As I wrote the first novel, the world around Jessie broadened and deepened. Jessie gets an even better sense of just how weird the world is in the second book (coming January 2011).

Cynsational Notes

From the author's website: In 2008, Shannon's greatly abbreviated version of 13 to Life (written in just five weeks) won the grand prize in the first-ever cell phone novel contest in the western world through Textnovel.com. Then St. Martin’s Press offered her a contract for a series the characters. Shannon expanded on the cell phone novel version, adding the subplots and characters.

Previously a teacher and now a farmer raising heritage livestock, Shannon lives and writes in Upstate New York.

Wednesday, July 21, 2010

New Voice: Marianne Malone on The Sixty-Eight Rooms

Marianne Malone is the first-time author of The Sixty-Eight Rooms (Random House, 2010). From the promotional copy:

Almost everybody who has grown up in Chicago knows about the Thorne Rooms.

Housed deep within the Art Institute of Chicago, they are a collection of sixty-eight exquisite – almost eerily realistic miniature rooms. Each of the rooms is designed in the style of a different time and place, and every detail is perfect, from the knobs on the doors to the candles in the candlesticks.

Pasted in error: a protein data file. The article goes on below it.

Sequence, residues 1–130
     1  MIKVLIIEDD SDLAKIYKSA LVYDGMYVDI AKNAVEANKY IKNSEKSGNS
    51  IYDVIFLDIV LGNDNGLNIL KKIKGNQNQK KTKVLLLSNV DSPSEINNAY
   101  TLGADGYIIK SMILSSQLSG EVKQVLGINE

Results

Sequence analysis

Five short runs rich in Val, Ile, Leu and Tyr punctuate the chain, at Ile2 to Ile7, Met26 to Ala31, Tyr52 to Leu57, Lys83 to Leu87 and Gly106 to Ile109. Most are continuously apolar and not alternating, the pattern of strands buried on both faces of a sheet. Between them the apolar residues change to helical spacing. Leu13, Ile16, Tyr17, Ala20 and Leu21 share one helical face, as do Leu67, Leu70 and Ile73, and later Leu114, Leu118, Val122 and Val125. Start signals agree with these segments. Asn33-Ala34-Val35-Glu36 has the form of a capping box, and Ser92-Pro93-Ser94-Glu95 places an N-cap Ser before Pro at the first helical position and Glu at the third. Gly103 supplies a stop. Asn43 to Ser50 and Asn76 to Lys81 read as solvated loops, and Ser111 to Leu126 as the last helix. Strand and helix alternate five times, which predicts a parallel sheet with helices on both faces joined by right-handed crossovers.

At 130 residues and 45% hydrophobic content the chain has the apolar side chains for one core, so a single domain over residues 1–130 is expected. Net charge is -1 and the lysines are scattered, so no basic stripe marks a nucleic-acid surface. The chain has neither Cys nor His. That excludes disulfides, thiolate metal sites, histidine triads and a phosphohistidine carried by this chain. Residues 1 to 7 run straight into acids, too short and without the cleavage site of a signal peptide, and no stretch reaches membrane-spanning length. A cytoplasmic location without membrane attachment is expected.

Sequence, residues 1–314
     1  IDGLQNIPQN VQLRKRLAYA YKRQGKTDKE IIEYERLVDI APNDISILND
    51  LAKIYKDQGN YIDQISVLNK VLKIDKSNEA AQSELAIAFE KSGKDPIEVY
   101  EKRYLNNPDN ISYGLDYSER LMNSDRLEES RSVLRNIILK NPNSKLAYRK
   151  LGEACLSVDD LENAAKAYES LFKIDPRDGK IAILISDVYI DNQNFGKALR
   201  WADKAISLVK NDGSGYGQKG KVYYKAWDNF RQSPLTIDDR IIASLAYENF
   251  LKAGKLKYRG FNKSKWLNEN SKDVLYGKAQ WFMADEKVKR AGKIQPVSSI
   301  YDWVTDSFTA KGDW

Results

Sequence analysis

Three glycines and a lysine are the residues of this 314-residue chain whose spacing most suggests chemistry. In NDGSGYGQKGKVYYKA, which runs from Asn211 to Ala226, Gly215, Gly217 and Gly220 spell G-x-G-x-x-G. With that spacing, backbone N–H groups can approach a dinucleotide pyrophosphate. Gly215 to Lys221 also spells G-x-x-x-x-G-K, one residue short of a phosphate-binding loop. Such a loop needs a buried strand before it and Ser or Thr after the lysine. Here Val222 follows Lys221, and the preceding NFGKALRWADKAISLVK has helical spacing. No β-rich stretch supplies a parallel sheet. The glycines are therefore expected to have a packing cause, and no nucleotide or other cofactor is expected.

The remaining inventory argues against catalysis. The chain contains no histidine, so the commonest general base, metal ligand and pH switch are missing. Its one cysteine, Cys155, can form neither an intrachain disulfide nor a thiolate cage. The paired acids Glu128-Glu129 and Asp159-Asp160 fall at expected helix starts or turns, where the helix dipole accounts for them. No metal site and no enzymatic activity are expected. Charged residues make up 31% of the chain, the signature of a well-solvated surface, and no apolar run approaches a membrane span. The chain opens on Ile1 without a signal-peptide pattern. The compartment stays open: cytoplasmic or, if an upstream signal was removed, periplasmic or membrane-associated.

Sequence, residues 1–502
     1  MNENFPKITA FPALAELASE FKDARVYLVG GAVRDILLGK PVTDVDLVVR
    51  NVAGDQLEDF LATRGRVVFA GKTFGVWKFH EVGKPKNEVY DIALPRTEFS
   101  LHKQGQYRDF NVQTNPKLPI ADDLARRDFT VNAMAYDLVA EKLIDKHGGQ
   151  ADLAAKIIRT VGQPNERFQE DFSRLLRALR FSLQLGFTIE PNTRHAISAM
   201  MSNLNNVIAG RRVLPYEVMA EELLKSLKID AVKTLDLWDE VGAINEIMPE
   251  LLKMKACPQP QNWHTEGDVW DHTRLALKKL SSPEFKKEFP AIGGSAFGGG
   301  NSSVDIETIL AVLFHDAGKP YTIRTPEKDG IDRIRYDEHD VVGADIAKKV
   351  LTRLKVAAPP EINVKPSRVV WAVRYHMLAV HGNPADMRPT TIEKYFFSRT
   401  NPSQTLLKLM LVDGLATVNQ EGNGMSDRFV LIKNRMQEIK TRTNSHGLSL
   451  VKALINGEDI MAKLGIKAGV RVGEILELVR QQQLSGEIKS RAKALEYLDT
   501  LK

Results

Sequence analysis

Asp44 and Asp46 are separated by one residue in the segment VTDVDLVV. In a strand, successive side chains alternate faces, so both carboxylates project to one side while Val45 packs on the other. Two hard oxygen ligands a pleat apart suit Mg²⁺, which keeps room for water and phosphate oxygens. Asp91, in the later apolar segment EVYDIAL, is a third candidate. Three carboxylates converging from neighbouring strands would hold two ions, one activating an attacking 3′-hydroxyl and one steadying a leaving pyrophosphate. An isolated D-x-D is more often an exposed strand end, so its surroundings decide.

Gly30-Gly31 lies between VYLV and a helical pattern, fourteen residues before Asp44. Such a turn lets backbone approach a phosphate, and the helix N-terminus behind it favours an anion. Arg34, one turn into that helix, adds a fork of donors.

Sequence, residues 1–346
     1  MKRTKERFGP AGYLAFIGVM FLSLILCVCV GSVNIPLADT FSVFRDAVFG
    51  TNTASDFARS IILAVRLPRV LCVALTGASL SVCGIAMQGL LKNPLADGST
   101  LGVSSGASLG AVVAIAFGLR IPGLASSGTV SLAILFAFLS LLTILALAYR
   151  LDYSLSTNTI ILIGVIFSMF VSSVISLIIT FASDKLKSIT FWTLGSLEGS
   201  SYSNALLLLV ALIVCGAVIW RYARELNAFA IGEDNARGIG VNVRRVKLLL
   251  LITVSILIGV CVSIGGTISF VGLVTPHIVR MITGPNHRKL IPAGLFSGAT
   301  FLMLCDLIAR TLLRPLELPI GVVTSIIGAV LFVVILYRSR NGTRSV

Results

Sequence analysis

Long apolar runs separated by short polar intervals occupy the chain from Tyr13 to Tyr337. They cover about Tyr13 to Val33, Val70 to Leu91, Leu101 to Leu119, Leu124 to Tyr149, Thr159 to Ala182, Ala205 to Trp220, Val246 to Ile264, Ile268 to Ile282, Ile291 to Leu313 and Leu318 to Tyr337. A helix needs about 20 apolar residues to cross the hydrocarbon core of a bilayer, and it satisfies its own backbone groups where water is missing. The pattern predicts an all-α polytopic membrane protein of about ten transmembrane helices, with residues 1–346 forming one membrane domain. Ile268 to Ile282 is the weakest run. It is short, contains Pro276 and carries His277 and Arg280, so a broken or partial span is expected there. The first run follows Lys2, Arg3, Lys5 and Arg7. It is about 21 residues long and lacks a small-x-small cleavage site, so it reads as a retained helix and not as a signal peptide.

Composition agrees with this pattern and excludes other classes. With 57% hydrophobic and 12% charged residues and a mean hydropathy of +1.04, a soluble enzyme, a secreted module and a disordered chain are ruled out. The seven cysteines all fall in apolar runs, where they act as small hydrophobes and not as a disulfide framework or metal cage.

Some might even say the rooms are magical.


Imagine... What if, on a field trip, you discovered a key that allowed you to shrink so that you were small enough to sneak inside and explore the rooms’ secrets? What if you discovered that others had done so before you? And that someone had left something important behind?

Ruthie Stewart and Jack Tucker are best friends in sixth grade. Ruthie has the feeling that nothing exciting ever happens in her life, while Jack experiences every day as an adventure.

The Sixty-Eight Rooms is the story of an adventure they have together. It starts with a field trip and ends with…well, Ruthie will never say “nothing exciting ever happens” again!


If you love fantasy and adventure and magic, with a little mystery-solving thrown in, The Sixty-Eight Rooms will be a book you can’t put down.


What is it like to be a debut author in 2010? What do you love about it? What are the challenges? What came as the biggest surprise? In each case, why?

I agree with people who say we are at a sea-change moment in the world; I don't know where we are in the process, and maybe its my age, but it appears the world of my childhood is fading.

Here I sit at my computer, (really, so small!) with constant notifications coming in from gmail, facebook, news sources. I can Skype anywhere in the world. My cell phone can ring, vibrate, bring me a text or an image. This is 2010, and it has arrived with dizzying speed. My book is about none of it, although my characters use cell phones and computers.